Saturday, March 19, 2011

Visit to Astron

Last Thursday, a bunch of us from our Radio Astronomy class went for a field trip to ASTRON, the Netherlands Institute for Radio Astronomy. They focus on innovations in Radio Astronomy -- new receiver materials, new circuit boards, etc.

Their most recent big project has been LOFAR, LOw Frequency ARray, a new receiver technique with sensitivities for astronomical observations at radio frequencies below 250 MHz. In short, there's a whole unexplored region of our universe we call the "dark ages" and LOFAR's main job is to tell us more about this era, and perhaps unlock the deep dark secrets of our universe.

The entire day was quite rather inspiring.

We met at Leiden Centraal and waited for the whole group to gather.




First I was a bit taken aback to see the difference in trip-buses between Mumbai and Netherlands. In trip buses at home you always have people singing and screaming and walking about and passing food, you know. But this bus was different -- there was an announcement to put on seat belts and then that was it -- everyone put on their seat belts and slinked in thier seats. Hmm. A bit difficult for me to do so I didn't. On the way, Jo, Carla (both from Portugal) and I were waving at different trucks -- you could make out the country the truck is from, from its name plate. The Germans and Swedes didn't wave back -- and a Portuguese fella did! This really makes me think more about the effect of the sun on human moods. If you carefully look at every country in the tropical belt vs. countries in the north, you'd immediately pick up on what I'm saying. There are pretty significant differences even between the north and south of Holland. It's not that the Dutch aren't chilled out. They are chilled out, but they are equally wound up.

We first reached the Westerbork radio telescope. Westerbork was also a concentration camp back in the day, so that whole angle really depressed me. The 14 telescopes that make up the array were really quite a sight.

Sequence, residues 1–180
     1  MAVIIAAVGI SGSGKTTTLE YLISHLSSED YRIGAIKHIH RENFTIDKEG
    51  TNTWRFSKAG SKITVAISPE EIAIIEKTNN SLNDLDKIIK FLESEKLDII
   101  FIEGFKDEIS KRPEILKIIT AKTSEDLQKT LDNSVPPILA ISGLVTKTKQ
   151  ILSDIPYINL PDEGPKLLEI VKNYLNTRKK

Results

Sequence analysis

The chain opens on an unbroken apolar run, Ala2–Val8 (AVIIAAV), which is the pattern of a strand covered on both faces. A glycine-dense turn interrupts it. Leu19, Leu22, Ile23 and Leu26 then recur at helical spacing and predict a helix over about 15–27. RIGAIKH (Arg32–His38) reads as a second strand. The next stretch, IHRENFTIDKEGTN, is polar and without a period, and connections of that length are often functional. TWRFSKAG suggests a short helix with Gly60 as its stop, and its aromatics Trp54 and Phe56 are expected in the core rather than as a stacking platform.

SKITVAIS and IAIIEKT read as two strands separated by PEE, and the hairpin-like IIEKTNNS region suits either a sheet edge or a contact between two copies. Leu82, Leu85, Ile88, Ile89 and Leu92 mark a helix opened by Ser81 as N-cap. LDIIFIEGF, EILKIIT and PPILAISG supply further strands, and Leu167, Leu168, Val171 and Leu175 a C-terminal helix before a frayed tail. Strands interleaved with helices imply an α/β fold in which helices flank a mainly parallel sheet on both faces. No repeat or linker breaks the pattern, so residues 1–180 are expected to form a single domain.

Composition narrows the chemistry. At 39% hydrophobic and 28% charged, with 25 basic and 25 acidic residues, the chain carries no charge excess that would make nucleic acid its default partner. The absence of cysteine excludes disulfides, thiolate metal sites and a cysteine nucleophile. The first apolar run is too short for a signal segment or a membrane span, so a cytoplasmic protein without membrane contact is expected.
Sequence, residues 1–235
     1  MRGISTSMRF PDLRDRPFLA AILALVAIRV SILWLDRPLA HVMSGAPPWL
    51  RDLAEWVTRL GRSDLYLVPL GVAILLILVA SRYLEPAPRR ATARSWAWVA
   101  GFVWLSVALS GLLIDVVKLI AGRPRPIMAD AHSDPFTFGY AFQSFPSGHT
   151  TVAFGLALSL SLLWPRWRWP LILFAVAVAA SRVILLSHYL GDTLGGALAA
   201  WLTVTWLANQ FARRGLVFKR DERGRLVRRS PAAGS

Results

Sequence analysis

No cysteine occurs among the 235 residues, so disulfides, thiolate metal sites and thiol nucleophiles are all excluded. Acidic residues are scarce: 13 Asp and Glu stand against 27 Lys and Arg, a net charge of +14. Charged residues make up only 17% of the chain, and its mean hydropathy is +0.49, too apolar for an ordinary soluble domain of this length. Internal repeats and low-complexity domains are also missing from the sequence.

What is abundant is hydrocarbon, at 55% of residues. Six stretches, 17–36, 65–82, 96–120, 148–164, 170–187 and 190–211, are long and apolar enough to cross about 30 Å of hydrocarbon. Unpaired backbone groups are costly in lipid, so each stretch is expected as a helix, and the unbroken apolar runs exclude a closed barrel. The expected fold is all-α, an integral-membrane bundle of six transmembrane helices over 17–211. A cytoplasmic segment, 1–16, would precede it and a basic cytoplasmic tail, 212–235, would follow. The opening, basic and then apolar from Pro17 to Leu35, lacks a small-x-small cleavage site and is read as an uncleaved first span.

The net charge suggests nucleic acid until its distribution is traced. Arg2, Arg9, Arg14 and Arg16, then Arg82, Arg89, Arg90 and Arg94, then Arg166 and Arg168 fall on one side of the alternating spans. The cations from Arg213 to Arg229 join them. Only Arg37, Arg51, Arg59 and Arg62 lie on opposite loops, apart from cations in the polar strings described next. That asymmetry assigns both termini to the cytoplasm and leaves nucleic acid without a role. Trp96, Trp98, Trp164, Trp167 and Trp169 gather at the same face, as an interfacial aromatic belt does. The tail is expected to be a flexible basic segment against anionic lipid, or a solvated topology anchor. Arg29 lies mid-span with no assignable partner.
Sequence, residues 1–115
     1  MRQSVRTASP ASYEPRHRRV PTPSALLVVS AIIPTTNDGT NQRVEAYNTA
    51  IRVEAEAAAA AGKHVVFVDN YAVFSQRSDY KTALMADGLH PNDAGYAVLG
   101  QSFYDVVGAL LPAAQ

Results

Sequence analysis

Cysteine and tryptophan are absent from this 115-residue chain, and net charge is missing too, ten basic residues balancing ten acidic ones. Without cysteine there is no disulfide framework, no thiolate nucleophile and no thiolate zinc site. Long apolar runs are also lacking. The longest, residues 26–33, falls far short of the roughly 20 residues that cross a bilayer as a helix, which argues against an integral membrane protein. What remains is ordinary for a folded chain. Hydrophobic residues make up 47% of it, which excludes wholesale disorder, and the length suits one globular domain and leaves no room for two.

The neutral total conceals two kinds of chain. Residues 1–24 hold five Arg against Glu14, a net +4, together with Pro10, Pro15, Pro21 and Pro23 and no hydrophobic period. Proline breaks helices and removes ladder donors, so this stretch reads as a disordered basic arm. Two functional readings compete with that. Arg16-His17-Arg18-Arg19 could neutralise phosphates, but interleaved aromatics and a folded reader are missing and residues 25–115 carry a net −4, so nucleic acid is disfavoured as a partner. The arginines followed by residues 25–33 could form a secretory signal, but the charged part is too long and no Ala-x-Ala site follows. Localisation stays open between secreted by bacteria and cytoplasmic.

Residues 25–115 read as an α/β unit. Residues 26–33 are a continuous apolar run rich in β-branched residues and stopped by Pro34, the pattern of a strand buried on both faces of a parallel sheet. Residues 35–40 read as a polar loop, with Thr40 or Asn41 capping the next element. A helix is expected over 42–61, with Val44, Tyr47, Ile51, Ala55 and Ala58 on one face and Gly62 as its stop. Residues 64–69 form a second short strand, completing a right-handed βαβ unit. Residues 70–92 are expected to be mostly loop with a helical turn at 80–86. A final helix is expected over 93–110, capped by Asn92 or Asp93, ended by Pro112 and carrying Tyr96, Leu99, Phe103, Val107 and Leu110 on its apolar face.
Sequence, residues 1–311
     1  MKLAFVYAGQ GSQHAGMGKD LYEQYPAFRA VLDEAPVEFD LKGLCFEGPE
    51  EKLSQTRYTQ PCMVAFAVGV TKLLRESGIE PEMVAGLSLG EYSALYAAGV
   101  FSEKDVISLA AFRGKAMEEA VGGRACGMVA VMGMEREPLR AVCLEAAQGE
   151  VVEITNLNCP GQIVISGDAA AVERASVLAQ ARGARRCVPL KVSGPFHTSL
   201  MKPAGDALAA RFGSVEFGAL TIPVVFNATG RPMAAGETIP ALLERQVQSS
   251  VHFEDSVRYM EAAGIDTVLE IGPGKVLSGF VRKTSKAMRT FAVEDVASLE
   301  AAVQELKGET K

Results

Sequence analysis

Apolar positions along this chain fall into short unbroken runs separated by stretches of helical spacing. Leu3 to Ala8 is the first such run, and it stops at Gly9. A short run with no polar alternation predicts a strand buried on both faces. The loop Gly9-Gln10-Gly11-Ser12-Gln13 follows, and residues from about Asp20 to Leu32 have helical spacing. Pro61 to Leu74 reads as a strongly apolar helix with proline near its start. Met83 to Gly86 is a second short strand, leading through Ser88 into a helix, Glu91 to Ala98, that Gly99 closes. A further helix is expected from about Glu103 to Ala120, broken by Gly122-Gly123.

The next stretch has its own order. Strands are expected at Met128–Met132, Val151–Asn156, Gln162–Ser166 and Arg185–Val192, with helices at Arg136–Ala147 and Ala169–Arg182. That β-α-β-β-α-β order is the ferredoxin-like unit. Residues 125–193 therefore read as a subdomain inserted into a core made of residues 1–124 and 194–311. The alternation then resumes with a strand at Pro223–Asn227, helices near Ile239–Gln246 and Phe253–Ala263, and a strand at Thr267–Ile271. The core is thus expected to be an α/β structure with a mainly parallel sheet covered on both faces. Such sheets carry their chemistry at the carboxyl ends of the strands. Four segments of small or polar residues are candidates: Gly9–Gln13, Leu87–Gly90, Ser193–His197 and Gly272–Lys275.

We were three groups in all visiting the telescope that day: Master students, Bachelor students, and LAPTOP students (top high school students). Mike Garrette, the director of ASTRON and our Radio Astronomy professor, showed us around. We visited the control room, correlators, receiver unit maintenance room, the telescopes, and a room where they were farming receiver arrays of a different technology to replace the current receiver units.





After lunch, we set off to visit the ASTRON headquarters and the Dwingeloo Radio Observatory, which was built in 1956, and was the biggest radio telescope at that time (for about 6 months until Jodrell Bank came along to eat it up).

The ASTRON HQ was simply fascinating. The building is very well designed and its humble exterior blends in perfectly with the environment.

The facilities at ASTRON are pretty cutting edge. Some of the most fascinating areas for me were the aperture synthesis test room, the old tapes used to record astronomical data (@1 Gbps), and the design of the new receivers (lotus flower shape to ensure maximum absorption or maximum reflection).







After our tour in the ASTRON building, we hopped over to the old telescope, which is is currently run by a pro-am astro group.




The nice folk there were awesome. We heard the regular sound of a pulsar and took a hydrogen line reading from CasA, the youngest supernova remnant in the Milky Way, and I got a souvenir:


To round up the wonderful day, we had some wonderful snacks and got back into the bus down to dear Leiden, where I chatted and chatted and chatted with dear lovely Ainil.